Me, I turned two on the day that Jimi Hendrix died in 1970. (Oh and as a side story, according to the book The Beatles Complete Recording Sessions, the band recorded the song Birthday on the day I was born - no shit - look it up - 9-18-68).
Anyway, there was obvious uncertainty about the band's future in 1970. Let It Be the film and album were both issued in May. Anyone who has seen that movie can see that the writing was on the wall big time.
But in a bootleg interview with Harrison from 1970, he says the guys are all enjoying the freedom they have to record on their own (even giving McCartney's album a nice plug) and saying that he's sure they'll be back together soon to record a new group album. Of course that didn't happen.
Whatever the case, here is what people got in a 14-month period, full-length album wise, from the fab four:
--September 26, 1969 - Beatles - Abbey Road
--March 27, 1970 - Ringo Starr - Sentimental Journey
--April 17, 1970 - Paul McCartney - McCartney
--May 8, 1970 - Beatles - Let it Be
--May 20, 1970 - Beatles - Let it Be (the film)
--November 27, 1970 - George Harrison - All Things Must Pass (triple album)
--December 11, 1970 - John Lennon - Plastic Ono Band
Notable is how strong Lennon and Harrison's albums were. Lennon ripped the myth off of the Beatles and laid his soul bare on Plastic Ono, and Harrison had three albums worth of backlog to unleash on the world - and almost all of the non-jam songs are classic tunes.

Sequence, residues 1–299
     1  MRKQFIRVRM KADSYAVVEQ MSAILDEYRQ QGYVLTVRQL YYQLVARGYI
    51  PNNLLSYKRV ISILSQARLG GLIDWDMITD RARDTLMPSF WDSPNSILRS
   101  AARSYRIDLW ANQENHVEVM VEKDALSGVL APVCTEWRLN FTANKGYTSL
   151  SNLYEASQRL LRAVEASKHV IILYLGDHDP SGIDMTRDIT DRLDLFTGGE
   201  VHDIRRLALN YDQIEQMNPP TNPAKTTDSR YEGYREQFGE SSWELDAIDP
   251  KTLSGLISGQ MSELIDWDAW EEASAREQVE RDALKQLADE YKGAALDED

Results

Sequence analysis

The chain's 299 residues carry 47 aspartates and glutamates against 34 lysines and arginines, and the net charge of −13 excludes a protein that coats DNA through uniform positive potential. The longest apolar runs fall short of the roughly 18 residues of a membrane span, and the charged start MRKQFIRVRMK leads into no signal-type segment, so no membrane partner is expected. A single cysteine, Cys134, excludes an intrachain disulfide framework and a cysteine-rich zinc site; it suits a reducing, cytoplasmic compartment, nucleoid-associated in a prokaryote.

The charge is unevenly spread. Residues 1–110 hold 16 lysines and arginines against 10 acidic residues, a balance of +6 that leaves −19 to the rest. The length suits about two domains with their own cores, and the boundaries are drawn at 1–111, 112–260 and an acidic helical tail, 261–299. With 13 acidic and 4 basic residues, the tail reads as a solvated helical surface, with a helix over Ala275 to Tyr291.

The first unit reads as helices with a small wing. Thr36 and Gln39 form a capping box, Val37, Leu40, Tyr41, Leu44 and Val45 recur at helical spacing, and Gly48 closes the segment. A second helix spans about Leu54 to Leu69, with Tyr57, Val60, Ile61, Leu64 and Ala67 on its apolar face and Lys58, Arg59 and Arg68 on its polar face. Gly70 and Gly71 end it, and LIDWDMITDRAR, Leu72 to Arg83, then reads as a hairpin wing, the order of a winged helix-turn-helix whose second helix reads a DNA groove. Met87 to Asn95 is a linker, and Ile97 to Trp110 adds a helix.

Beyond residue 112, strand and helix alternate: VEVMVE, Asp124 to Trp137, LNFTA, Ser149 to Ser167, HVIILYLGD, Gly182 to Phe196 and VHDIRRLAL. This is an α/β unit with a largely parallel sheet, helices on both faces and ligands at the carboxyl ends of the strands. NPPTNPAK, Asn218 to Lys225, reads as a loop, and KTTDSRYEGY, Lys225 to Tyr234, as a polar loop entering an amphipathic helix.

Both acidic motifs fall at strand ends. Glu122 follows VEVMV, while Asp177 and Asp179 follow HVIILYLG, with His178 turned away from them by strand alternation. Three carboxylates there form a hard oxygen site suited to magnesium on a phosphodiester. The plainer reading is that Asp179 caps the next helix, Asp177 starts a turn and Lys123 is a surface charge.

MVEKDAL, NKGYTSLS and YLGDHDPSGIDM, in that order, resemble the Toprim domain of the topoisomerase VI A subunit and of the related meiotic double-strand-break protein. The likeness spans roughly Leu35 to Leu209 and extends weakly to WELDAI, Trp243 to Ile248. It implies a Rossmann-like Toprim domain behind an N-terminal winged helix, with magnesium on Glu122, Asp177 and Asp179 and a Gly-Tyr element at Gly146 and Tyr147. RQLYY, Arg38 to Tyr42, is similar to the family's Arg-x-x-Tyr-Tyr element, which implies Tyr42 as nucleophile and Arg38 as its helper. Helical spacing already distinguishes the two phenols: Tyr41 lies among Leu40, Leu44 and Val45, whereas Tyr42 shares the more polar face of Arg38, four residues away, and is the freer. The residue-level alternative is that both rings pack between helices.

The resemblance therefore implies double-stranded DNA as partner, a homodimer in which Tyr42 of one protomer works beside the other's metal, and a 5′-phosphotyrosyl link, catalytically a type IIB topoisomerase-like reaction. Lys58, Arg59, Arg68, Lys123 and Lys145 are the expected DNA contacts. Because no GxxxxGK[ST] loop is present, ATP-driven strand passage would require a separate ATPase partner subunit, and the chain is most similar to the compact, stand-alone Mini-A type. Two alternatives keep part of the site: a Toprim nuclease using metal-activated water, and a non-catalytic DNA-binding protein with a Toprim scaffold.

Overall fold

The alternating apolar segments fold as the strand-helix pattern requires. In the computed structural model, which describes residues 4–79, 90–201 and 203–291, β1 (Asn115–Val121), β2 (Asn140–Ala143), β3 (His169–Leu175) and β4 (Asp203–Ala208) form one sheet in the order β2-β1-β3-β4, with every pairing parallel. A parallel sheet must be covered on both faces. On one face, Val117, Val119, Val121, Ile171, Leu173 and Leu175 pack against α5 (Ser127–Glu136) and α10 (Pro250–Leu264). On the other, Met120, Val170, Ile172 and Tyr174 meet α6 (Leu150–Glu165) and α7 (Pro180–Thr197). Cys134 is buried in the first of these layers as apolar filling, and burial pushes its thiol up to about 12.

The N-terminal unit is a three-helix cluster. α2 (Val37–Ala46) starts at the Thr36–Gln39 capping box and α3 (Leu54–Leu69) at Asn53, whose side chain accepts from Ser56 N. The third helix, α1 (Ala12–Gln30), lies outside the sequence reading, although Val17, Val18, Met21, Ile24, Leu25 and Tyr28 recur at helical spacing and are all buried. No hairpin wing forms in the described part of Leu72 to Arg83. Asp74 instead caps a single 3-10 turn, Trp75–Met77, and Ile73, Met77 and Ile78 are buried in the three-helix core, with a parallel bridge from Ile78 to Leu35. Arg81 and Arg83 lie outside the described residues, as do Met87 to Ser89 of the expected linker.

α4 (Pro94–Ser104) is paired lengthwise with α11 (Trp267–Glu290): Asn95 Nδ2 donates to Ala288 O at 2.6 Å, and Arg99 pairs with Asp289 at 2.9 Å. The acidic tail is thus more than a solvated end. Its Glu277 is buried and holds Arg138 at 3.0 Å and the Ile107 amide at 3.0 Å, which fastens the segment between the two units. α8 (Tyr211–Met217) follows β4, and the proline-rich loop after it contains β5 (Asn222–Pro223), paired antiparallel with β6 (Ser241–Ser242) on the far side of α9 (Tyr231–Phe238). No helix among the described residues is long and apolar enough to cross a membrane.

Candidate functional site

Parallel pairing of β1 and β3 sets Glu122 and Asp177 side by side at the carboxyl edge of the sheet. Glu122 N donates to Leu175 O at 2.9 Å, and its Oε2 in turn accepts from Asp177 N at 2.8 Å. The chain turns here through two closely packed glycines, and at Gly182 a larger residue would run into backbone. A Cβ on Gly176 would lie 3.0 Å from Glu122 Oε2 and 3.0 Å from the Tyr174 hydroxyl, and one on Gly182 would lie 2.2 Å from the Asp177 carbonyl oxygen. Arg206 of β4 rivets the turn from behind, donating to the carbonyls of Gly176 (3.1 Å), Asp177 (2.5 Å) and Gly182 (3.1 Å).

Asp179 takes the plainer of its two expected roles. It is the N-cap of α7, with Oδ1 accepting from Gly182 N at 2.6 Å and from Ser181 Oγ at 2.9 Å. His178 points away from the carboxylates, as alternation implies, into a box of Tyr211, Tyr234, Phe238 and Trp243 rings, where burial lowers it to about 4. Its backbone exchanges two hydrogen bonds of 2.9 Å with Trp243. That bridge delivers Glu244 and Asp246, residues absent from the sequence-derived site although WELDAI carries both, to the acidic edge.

McCartney's album is a surprising piece of crap. I have tried about ten times over the past 20 or so years to listen to it with fresh ears and the only two songs I can stand are Junk and Maybe I'm Amazed - and I prefer later versions of both to the originals.
In the Lost Lennon Tapes, Lennon tells Rolling Stone that he was surprised how bad Paul's album is, and how happy he is about that, as he is self-admittedly very, very competitive.
Ram from March 1971 is better, and I really like all the Wings albums from Band on the Run all the way to the end. I guess it took Paul some time to pick up steam while the others hit the ground running but then petered out later. Paul was for sure the 'bad guy' in the early 70s, and I am sure the pressure was rough, with three Beatles vs. one. He admits this in the truly excellent Wingspan DVD.
A very cool post sent to me by Nedmusic asks the question, what if the band HAD done one more album in 1970 or 1971? Given that the songs would have to be from the 1969-1971 period, the writer put together a pretty cool "lost album" and goes into great detail as to why he chose what he chose (and what he didn't!)
Check that out here.